“The Colorado Department of Agriculture is not recommending events be canceled; instead, we are recommending that events and livestock owners take extra caution to control flies,” said State Veterinarian, Dr. Keith Roehr. “Livestock, including horse and cattle owners, should be aware that insect control is an important tool in the prevention of VS. Most of the cases we have investigated involve horses that have had no history of movement; therefore, controlling black flies and midges are very important in the prevention of the spread of disease.”
Veterinarians and livestock owners who suspect an animal may have VS or any other vesicular disease should immediately contact state or federal animal health authorities. Livestock with clinical signs of VS are isolated until they are healed and determined to be of no further threat for disease spread, typically a minimum of 21 days. There are no USDAapproved vaccines for VS.
While rare, human cases of VS can occur, usually among those who handle infected animals. VS in humans can cause flu-like symptoms and only rarely includes lesions or blisters.
Vesicular Stomatitis (VS) signs and transmission
VS susceptible species include horses, mules, cattle, bison, sheep, goats, pigs and camelids. The clinical signs of the disease include vesicles, erosions and sloughing of the skin on the muzzle, tongue, ears, teats, groin area, and above the hooves of susceptible livestock. Vesicles are usually only seen early in the course of the disease. The transmission of vesicular stomatitis is not completely understood but components include insect vectors, me chanical transmission and livestock movement.
“Livestock owners should try to limit exposure of their animals to biting flies,” said Dr. Dee Ellis, the Texas State Veterinarian. “Sand flies and black flies play a role in the virus transmission, so controlling insects is important.”
Tips for event organizers and livestock owners
• Strict fly control is an important factor to inhibit the transmission of the disease.
• Avoid transferring feeding equipment, cleaning tools or health care equipment from other herds.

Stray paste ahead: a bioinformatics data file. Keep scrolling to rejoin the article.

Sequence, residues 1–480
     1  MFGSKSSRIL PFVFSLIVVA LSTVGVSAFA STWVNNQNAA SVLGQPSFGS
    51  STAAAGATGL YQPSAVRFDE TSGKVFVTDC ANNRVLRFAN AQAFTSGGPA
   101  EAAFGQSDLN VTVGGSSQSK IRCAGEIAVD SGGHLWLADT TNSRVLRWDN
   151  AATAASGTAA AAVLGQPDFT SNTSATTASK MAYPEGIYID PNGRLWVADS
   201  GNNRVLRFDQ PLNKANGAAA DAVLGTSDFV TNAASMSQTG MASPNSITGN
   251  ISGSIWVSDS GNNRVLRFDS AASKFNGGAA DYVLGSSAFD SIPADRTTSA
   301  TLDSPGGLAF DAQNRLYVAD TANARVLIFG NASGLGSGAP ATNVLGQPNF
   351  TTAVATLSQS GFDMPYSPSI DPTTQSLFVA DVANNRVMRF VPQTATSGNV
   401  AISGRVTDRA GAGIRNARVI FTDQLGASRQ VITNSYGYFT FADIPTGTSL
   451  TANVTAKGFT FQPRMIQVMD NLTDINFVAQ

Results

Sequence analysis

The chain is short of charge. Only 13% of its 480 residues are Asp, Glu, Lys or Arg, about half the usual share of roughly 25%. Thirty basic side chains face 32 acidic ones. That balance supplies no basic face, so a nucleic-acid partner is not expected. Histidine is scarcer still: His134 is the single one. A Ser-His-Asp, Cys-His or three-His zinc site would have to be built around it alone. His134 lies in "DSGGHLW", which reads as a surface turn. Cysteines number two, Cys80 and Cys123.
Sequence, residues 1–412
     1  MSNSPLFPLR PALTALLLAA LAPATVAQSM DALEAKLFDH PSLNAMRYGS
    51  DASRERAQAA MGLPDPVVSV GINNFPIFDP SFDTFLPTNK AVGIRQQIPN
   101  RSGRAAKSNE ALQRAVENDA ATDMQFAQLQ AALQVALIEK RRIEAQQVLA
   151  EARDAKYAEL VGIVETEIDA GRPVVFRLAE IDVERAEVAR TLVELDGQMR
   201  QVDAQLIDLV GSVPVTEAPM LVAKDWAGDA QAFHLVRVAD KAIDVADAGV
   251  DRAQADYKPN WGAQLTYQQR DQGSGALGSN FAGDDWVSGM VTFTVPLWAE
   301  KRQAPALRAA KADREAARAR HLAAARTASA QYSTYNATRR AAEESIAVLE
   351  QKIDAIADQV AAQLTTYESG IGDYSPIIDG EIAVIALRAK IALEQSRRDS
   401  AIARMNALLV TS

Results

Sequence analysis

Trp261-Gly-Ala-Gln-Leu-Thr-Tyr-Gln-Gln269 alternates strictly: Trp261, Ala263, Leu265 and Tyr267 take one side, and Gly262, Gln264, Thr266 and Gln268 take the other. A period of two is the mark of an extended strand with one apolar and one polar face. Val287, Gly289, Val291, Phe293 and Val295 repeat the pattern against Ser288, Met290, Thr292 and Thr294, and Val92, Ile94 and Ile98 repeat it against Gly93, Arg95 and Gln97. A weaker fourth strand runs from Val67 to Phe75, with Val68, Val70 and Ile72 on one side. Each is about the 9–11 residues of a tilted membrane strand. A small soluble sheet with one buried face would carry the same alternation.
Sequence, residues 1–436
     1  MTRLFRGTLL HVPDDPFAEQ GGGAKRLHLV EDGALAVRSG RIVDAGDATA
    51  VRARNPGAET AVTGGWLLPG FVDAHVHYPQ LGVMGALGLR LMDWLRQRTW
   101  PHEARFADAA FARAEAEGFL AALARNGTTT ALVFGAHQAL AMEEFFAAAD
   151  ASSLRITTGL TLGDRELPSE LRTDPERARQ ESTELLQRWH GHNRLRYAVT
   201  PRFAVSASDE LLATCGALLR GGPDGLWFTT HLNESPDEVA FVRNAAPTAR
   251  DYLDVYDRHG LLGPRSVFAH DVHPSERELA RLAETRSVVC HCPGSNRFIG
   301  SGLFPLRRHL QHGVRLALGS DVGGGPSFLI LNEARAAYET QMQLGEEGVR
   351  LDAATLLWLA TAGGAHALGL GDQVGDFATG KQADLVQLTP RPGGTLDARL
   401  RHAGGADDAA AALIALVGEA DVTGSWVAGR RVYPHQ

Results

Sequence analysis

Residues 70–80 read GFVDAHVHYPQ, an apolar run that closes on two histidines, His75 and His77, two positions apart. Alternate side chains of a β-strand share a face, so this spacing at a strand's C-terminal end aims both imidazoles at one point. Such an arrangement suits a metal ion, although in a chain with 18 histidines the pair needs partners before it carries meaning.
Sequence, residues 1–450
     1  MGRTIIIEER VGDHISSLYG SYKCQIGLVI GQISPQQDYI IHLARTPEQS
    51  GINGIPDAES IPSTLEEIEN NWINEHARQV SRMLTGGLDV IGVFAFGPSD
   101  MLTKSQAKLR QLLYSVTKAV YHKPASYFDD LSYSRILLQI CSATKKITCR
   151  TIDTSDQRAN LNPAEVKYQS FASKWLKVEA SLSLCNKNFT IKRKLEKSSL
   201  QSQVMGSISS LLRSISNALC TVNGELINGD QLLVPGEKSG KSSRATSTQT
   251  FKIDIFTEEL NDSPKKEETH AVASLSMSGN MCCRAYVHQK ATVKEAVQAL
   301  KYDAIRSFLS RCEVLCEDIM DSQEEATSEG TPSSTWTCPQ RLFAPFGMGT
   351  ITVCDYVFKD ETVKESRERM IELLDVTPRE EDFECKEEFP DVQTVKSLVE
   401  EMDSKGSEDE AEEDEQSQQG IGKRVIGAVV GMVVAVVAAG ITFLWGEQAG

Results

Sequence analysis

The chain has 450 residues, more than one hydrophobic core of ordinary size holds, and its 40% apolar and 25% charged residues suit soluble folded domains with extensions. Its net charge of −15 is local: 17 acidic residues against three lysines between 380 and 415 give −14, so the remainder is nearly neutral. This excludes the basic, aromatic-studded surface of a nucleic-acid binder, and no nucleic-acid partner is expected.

Veterinarians and livestock owners should contact the state of
destination when moving livestock interstate to ensure that all import
requirements are met. A list of contact information for all state
veterinarians’ offices is available at www.colorado. gov/ag/animals and
click on “Import Requirements.”
Fairs, livestock exhibitions and rodeos may institute new entry
requirements based on the extent and severity of the current VS
outbreak. Certifi cates of Veterinary Inspection issued within 2-5 days
prior to an event can beneficial to reduce risks. Be sure to stay
informed of any new livestock event requirements.
During an event, important VS disease prevention procedures include
minimizing the sharing of water and feed/ equipment, applying insect
repellent daily (especially to the animals’ ears), and closely observing
animals for signs of VS.
• If moving livestock internationally, contact the USDA Animal and Plant Health Inspection Service for any new restrictions.
Important points for veterinarians
• Any vesicular disease of livestock is reportable to the State Veterinarian’s Office.
• Since VS is considered a foreign animal disease, any case with clinical signs consistent with VS will warrant an investigation by a state or federal foreign animal disease diagnostician (FADD).
• When VS is suspected, the FADD will gather the epidemiological information, take the necessary blood samples, collect the necessary fluid or tissue from the lesions, and inform the owners and the referring veterinarian as to necessary bio-security and movement restrictions. — Traci Eatherton, WLJ Editor